The Master Class: Conversation with Kathryn Potts

By Daniela Fifi Thursday, October 23rd, 2014 Categories: Features, Interview, Updates
 

Once every two months, the new column The Master Class will appear in ARC Magazine, featuring conversations about art education, museums, leadership and arts management for students and emerging art professionals. The following interview, the first of its kind, is a conversation with Kathryn Potts, Helena Rubinstein Chair of Education at the Whitney Museum of American Art, and was conducted and written by Daniela Fifi.

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Daniela Fifi: Can you describe your career trajectory to this point: milestones and key moments?

Kathryn Potts: As a kid I was always interested in making art. I came from a family that was very engaged with it: my grandfather was a commercial artist, my father painted. Art was just part of how I saw the world. When I got a little older, I realized that I wasn’t going to be a great artist, and I found that I got some of the same charge and passion in looking at art made by other people. That became my passion.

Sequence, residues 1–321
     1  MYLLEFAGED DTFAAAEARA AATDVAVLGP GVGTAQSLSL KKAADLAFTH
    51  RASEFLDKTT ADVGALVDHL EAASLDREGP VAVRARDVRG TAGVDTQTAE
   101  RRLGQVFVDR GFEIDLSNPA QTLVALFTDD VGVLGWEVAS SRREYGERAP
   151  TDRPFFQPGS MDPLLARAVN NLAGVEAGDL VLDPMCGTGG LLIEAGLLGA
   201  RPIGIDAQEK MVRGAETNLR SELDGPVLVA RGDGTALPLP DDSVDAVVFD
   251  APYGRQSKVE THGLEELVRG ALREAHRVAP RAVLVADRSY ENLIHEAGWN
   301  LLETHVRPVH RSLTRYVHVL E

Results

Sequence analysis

When I was in college, I did an internship at an auction house.  I had an idea that I might be interested in learning about art and business. I learned very quickly that it wasn’t for me. I knew that I didn’t want to work on the commercial side of the art world.

Then, after my senior year, I interned at the Metropolitan Museum of Art – the museum that I had sort of grown up in as a kid. That experience was really inspiring and I decided to go to graduate school for a master’s degree in art history so that I could become a museum professional. At the time, my plan was to be a curator.

I graduated and then worked as a curatorial assistant at the Museum of Fine Arts in Boston for five years. I got a very good grounding in the job of being a curator. That experience has proven to be incredibly important for me. I understand what’s important to curators, how curators think, and how a museum works.